Students play key biomedical research role – in space

Published: Feb. 15, 2017 By

Students

Graduate student Ben Lewis, BioServe Associate Director Stefanie Countryman and graduate student Shelby Bottoms are in Florida supporting the assembly of two CU Boulder-built biomedical payloads set to launch on a SpaceX rocket to the International Space Station Feb. 18.

Several students are playing significant roles in the upcoming launch of a SpaceX rocket carrying two CU Boulder payloads – one designed to help researchers better understand and perhaps outsmart dangerous infections like MRSA, another to help increase the proliferation of stem cells in space, a potential boon for biomedical therapy on Earth.

Shelby Bottoms and Ben Lewis, both master’s students in the Ann and H.J. Smead Department of Aerospace Engineering Sciences, are in Florida for the upcoming launch of the SpaceX rocket carrying the CU Boulder-built payloads. Both are helping to assemble flight hardware designed and built by CU Boulder’s BioServe Space Technologies for the launch Feb. 18 to the International Space Station (ISS).

BioServe has built and flown over 100 payloads on more than 50 spaceflight missions.

Lewis said he came to CU Boulder from Rice University hoping to be involved in spaceflight projects.

“What I didn’t know was that I would be actually working on hardware that was going to fly on the International Space Station, which is really cool.”

Both Lewis and Bottoms are in aerospace engineering’s Bioastronautics program, which involves the study and support of life in space.

“Shelby and I are very passionate about human spaceflight, so to see hardware that we helped build being handled by astronauts who will eventually transfer the experiments to ISS is exciting.”

The payloads are now being loaded in to the SpaceX Dragon spacecraft, the ninth mission in which the company – headed by entrepreneur Elon Musk – will be toting CU Boulder-built payloads to ISS since 2012. SpaceX’s Dragon will launch atop one of the company’s Falcon 9 rockets.

“We are looking forward to another successful mission and continuing our partnership with SpaceX, NASA and the Center for the Advancement of Science in Space,” said BioServe Director Louis Stodieck. “By providing a low-gravity environment, the ISS has been shown to be an effective testbed to better understand cellular changes, which can have significant implications for advancing biomedical research on Earth.”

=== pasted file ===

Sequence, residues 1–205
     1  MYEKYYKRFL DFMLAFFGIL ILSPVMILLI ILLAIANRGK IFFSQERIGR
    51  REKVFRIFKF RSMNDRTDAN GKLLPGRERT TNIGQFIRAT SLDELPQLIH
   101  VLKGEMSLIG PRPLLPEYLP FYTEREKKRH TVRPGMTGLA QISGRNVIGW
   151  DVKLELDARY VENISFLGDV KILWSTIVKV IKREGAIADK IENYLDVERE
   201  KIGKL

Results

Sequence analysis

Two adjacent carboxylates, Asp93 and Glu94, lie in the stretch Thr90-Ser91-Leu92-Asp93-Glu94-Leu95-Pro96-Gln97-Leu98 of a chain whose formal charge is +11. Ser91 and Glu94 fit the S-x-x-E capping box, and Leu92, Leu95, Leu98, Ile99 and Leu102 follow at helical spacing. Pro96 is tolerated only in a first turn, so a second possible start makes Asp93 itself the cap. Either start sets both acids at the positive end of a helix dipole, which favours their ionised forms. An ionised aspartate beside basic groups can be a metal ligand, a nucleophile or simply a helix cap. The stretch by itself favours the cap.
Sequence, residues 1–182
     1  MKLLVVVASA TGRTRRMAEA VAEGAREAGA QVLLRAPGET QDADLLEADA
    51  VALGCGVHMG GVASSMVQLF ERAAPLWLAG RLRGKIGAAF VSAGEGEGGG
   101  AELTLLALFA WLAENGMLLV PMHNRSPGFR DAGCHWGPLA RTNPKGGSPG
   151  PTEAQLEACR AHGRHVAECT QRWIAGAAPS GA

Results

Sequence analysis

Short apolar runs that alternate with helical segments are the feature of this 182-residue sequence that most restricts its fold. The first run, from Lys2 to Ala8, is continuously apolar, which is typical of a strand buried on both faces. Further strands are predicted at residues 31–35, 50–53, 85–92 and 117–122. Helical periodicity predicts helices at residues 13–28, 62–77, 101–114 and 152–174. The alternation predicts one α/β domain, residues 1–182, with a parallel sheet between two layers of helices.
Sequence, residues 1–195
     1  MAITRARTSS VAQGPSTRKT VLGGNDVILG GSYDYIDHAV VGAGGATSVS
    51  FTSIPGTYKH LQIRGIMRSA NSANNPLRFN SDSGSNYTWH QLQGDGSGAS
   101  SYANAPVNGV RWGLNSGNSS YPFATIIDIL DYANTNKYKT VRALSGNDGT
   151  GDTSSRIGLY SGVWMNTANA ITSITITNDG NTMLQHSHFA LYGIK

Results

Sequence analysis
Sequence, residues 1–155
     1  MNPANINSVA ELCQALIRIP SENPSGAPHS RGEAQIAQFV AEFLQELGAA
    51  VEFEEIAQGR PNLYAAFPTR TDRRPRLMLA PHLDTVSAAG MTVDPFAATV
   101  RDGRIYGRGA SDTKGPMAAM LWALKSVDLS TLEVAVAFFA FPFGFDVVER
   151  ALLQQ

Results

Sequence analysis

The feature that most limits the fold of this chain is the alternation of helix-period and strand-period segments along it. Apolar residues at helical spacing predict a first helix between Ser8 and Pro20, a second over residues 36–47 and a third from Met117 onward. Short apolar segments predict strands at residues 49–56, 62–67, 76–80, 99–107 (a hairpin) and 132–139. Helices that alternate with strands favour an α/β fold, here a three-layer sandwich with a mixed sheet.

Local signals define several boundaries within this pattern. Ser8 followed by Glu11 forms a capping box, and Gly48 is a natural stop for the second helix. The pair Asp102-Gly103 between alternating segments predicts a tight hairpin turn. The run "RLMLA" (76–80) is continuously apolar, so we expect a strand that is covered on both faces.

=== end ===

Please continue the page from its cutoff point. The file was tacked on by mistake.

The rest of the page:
aerospace engineering international space station

Illustration of the SpaceX Dragon space capsule

Bioserve students moving forward

After she finished her undergraduate degree at Georgia Tech, Bottoms’ interest was perked when she saw CU Boulder had a bioastronautics program. Then she looked at the BioServe website. “I could see the people there were doing some really exciting things.’”

Both Bottoms and Lewis already have jobs in the aerospace industry locked up after they graduate this spring. Bottoms is going to work on human spaceflight issues for Lockheed Martin Space Systems in Littleton, Colorado. Lewis is going to work for Blue Origins, an aerospace research and development company founded by Amazon.com CEO Jeff Bezos in Kent, Washington, where he will be working on spacecraft and launch systems.

Headed by Dr. Anita Goel of Nanobiosym in Cambridge, Massachusetts, the first experiment will carry two strains of methicillin-resistant Staphylococcus aureus (MRSA) in hopes of better identifying and predicting bacterial mutations, said Stodieck. Understanding such mutations, which are believed to occur at a higher rate in near-weightlessness, could shed new light on how the deadly bacteria become drug-resistant.

The second experiment, led by Dr. Abba Zubiar of the Mayo College of Medicine in Jacksonville, Florida, involves growing stem cells in space for future use in medical therapies on Earth, said BioServe Associate Director Stefanie Countryman. Stem cells are extremely valuable in biomedicine – several million of them are required for use in a single human therapy treatment on Earth.

The space-grown stem cells will be returned from ISS to Earth in several months and will subsequently be used by researchers in clinical trials to test their efficacy in treating human diseases. Stem cells, used in regenerative medicine and tissue engineering, also have been used in treatments for stroke and cancer.

BioServe has had a permanent presence on ISS since 2002. Since its inception in 1987, BioServe has partnered with more than 100 companies. BioServe partners include large and small pharmaceutical and biotechnology companies, universities and NASA-funded researchers. Learn more about BioServe.